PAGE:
We conducted a retrospective study to investigate the effectiveness of an mHealth messaging intervention aiming to improve maternal health and HIV outcomes. Maternal health SMSs were sent to 235 HIV-infected pregnant women twice per week in pregnancy and continued until the infant's first birthday. The messages were timed to the stage of the pregnancy/infant age and covered maternal health and HIV-support information. Outcomes, measured as antenatal care (ANC) visits, birth outcomes and infant HIV testing, were compared to a control group of 586 HIV-infected pregnant women who received no SMS intervention. Results showed that intervention participants attended more ANC visits (5.16 vs. 3.95, p < 0.01) and were more likely to attend at least the recommended four ANC visits (relative risk (RR): 1.41, 95% confidence interval (CI): 1.15-1.72). Birth outcomes of intervention participants improved as they had an increased chance of a normal vaginal delivery (RR: 1.10, 95% CI: 1.02-1.19) and a lower risk of delivering a low-birth weight infant (<2500 g) (RR: 0.14, 95% CI: 0.02-1.07). In the intervention group, there was a trend towards higher attendance to infant polymerase chain reaction (PCR) testing within six weeks after birth (81.3% vs. 75.4%, p = 0.06) and a lower mean infant age in weeks at HIV PCR testing (9.5 weeks vs. 11.1 weeks, p = 0.14). These results add to the growing evidence that mHealth interventions can have a positive impact on health outcomes and should be scaled nationally following comprehensive evaluation.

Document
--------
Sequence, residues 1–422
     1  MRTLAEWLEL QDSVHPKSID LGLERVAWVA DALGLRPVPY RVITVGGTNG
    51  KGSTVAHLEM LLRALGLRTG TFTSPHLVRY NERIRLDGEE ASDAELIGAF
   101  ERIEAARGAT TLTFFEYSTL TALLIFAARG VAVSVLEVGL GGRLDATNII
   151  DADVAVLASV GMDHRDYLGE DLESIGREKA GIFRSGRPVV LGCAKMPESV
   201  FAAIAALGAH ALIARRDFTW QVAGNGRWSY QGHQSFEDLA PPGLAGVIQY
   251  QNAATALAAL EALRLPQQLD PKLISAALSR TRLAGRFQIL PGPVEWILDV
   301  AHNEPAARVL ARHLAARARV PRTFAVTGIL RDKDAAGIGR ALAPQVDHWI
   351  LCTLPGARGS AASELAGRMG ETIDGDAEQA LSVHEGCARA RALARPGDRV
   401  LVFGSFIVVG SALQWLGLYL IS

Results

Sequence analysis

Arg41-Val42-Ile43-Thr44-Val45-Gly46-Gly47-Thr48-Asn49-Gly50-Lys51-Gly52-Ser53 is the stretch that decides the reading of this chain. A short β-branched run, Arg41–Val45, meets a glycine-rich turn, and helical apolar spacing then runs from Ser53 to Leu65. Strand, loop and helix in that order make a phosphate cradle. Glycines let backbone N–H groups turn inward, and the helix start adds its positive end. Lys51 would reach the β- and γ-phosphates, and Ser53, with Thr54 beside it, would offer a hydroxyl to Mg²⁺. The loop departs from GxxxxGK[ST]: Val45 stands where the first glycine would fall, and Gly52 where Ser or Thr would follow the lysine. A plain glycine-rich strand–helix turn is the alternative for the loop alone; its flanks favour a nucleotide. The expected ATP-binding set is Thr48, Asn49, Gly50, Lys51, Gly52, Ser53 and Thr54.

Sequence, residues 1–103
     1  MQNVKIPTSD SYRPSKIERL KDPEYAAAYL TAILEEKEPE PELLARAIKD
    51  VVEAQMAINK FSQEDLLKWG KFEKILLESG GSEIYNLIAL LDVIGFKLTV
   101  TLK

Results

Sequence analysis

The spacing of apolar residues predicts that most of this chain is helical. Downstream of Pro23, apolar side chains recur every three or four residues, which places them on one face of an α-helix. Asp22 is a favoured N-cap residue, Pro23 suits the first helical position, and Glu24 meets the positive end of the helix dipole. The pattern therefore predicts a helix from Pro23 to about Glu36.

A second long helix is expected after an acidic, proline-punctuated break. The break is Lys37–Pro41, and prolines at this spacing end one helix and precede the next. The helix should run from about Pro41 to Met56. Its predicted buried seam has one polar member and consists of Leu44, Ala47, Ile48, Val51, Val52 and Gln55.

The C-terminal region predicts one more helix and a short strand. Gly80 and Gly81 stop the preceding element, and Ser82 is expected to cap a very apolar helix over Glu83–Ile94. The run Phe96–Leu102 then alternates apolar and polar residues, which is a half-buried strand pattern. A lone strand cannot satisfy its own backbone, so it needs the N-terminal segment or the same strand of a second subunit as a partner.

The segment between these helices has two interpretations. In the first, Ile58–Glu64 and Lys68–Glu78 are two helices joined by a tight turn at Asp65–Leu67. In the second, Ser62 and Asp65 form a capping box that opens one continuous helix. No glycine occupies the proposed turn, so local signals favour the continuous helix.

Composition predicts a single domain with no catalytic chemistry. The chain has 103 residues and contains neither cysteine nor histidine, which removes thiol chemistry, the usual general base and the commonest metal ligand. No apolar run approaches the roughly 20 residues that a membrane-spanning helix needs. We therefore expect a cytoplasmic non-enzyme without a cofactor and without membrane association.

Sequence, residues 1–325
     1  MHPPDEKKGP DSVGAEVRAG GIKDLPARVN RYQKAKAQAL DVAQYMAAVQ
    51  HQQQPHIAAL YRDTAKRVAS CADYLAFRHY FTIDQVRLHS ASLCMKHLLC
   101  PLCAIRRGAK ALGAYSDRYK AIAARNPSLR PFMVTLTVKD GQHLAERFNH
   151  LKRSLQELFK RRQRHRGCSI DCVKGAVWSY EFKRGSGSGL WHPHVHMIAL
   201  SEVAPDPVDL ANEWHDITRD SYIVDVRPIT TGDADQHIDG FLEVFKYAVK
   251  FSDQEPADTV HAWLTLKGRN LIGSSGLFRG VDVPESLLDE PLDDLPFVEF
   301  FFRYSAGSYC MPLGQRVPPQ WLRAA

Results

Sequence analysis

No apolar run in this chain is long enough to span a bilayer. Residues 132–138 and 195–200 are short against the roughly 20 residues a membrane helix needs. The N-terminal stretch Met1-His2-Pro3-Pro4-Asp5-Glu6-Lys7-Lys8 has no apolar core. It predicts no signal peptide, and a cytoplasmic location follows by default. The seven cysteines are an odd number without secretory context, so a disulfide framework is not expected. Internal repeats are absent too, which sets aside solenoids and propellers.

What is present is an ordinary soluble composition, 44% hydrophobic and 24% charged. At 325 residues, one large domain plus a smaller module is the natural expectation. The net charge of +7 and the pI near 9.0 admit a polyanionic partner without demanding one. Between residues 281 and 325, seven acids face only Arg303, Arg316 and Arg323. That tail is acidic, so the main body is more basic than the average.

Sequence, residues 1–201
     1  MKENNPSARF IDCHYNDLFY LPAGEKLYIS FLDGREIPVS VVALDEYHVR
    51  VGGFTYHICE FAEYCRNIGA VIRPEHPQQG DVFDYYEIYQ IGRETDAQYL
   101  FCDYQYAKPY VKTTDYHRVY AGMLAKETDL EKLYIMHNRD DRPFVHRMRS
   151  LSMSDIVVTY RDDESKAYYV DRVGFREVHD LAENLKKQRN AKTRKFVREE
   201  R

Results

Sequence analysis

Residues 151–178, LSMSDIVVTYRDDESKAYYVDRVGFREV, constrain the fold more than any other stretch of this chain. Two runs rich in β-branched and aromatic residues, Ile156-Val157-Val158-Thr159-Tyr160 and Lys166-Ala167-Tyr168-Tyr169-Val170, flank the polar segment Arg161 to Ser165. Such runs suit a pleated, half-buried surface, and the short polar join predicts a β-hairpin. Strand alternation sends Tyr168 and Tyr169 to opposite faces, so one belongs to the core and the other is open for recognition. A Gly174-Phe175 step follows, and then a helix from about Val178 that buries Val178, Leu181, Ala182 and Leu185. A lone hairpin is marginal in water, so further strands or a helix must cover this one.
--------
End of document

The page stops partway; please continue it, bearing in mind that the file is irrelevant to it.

Keywords: HIV; global health; mHealth; maternal health; vertical infectious disease transmission.